Warren Buffett has placed a $6bn contrarian bet on Japan’s five biggest trading houses, the century-old commodity specialists that are increasingly transforming into global venture capital and private equity businesses.
Mr Buffett’s move follows an unprecedented $132bn exodus of foreign investment from Japanese equities over the past 32 months on fading optimism about Prime Minister Shinzo Abe’s economic programme. It makes his investment company Berkshire Hathaway one of the biggest shareholders in Mitsubishi Corp, Mitsui & Co, Itochu Corp, Sumitomo Corp and Marubeni Corp.
The investment in Japan also marks a decisive lunge beyond the familiarity of his home market in the US, where technology stocks have surged to record highs but other industrial investments have suffered heavy setbacks because of the Covid-19 pandemic.
Berkshire Hathaway, through its subsidiary National Indemnity, holds a 5 per cent-plus stake in each of the five sogo shosha, or general trading houses, according to Japanese regulatory filings submitted on Monday. The stakes, acquired over the past 12 months, were worth nearly ¥670bn ($6.3bn) combined as of Aug 24, the filings showed.
Combined value of Berkshire Hathaway holdings in Japan’s top trading houses
The group said it may increase its holdings to 9.9 per cent in any of the five trading houses — shares in which have fallen heavily during the pandemic — and plans to hold the investments long term.
“The five major trading companies have many joint ventures throughout the world and are likely to have more of these partnerships. I hope that in the future there may be opportunities of mutual benefit,” Mr Buffett said in a statement late on Sunday.
In Tokyo trading on Monday, shares in Marubeni rose as much as 14 per cent, while Sumitomo gained 11 per cent, Mitsubishi 10 per cent, Mitsui 8.7 per cent and Itochu 6 per cent.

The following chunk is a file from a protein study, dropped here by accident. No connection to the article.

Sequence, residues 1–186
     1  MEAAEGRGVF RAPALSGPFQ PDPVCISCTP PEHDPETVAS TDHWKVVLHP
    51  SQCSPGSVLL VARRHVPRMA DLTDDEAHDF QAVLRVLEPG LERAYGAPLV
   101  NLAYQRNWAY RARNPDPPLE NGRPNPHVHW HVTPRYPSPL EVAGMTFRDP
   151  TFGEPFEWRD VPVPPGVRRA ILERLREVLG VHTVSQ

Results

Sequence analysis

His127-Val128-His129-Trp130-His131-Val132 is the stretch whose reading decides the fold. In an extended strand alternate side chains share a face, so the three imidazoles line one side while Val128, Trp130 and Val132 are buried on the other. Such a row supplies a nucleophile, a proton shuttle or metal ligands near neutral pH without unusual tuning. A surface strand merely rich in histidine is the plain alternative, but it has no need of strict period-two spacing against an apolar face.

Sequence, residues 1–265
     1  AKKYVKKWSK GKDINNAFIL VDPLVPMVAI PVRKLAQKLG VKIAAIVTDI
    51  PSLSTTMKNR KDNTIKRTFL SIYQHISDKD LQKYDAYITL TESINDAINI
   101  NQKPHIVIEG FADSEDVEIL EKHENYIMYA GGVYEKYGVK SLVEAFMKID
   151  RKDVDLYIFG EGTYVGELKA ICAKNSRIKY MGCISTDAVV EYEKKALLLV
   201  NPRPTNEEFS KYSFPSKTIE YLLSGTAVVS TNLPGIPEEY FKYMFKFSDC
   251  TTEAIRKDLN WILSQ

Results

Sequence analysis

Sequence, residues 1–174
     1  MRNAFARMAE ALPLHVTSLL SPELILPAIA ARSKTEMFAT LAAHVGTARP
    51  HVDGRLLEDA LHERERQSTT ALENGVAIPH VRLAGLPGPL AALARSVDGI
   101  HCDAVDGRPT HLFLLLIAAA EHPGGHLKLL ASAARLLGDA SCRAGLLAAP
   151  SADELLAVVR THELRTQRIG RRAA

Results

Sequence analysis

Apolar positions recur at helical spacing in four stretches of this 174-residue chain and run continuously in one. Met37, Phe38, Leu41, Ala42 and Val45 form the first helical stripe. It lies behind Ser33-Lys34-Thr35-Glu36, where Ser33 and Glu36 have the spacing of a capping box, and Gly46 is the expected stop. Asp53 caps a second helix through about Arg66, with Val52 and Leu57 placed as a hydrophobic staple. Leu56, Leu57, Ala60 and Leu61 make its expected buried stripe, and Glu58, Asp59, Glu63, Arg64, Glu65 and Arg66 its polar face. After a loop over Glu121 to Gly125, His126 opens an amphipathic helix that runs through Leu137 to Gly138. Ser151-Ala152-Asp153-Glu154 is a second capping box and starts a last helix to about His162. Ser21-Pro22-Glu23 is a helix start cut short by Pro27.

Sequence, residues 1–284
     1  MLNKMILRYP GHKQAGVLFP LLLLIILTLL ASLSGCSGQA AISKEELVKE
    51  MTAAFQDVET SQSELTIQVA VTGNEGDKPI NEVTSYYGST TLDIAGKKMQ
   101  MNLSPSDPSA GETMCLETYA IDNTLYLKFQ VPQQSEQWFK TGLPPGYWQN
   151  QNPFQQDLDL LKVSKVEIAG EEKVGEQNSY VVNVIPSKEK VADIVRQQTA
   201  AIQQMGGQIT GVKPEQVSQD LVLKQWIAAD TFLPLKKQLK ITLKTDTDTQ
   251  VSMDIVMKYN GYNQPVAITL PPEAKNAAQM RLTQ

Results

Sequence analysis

Mitsui and Sumitomo confirmed Berkshire Hathaway’s investment but declined to comment further. Mitsubishi said it would work to enhance corporate value. Itochu described the investment as “positive news” and a potential catalyst for revitalising the trading house industry. Marubeni declined to comment.
Mr Buffett made his first visit to Japan in 2011, eight months after the Tohoku region was devastated by a massive earthquake. That tour triggered speculation that the Berkshire Hathaway founder, famous for his preference for deep value stocks, had spotted opportunities in a heavily discounted Japanese stock market.
Although Mr Buffett did not immediately make the large investments many expected, speculation over his interest in Japan erupted again last September when his company raised about $4bn in the biggest ever yen-denominated straight bond issuance by a non-Japanese institution.
“If Mr Buffett were to return to his very own first principles, then Japan is a very obvious and compelling place to do so,” said John Seagrim, a Japan equities broker at CLSA, at the time of the bond issuance.
Berkshire Hathaway said it has ¥625.5bn of yen-denominated bonds outstanding, maturing at dates beginning in 2023 and ending in 2060.
Jefferies analyst Thanh Ha Pham said that while the Japanese trading houses would face pandemic-related challenges, in the longer-term each had hundreds of subsidiaries and affiliates across all industries whose businesses were essential to the functioning of the economy.
He said Mr Buffett was probably making his investment in the five largest trading houses following a calculation of intrinsic value, but also because he saw little qualitative difference between them.
“If you go back to 2003, then there was a perception that we didn’t need trading houses any more because ecommerce would come and everyone would operate through that. The trading houses were written down as dinosaurs, but here they are: still around and making money. They tend to evolve as businesses and they actually do it well,” said Mr Pham.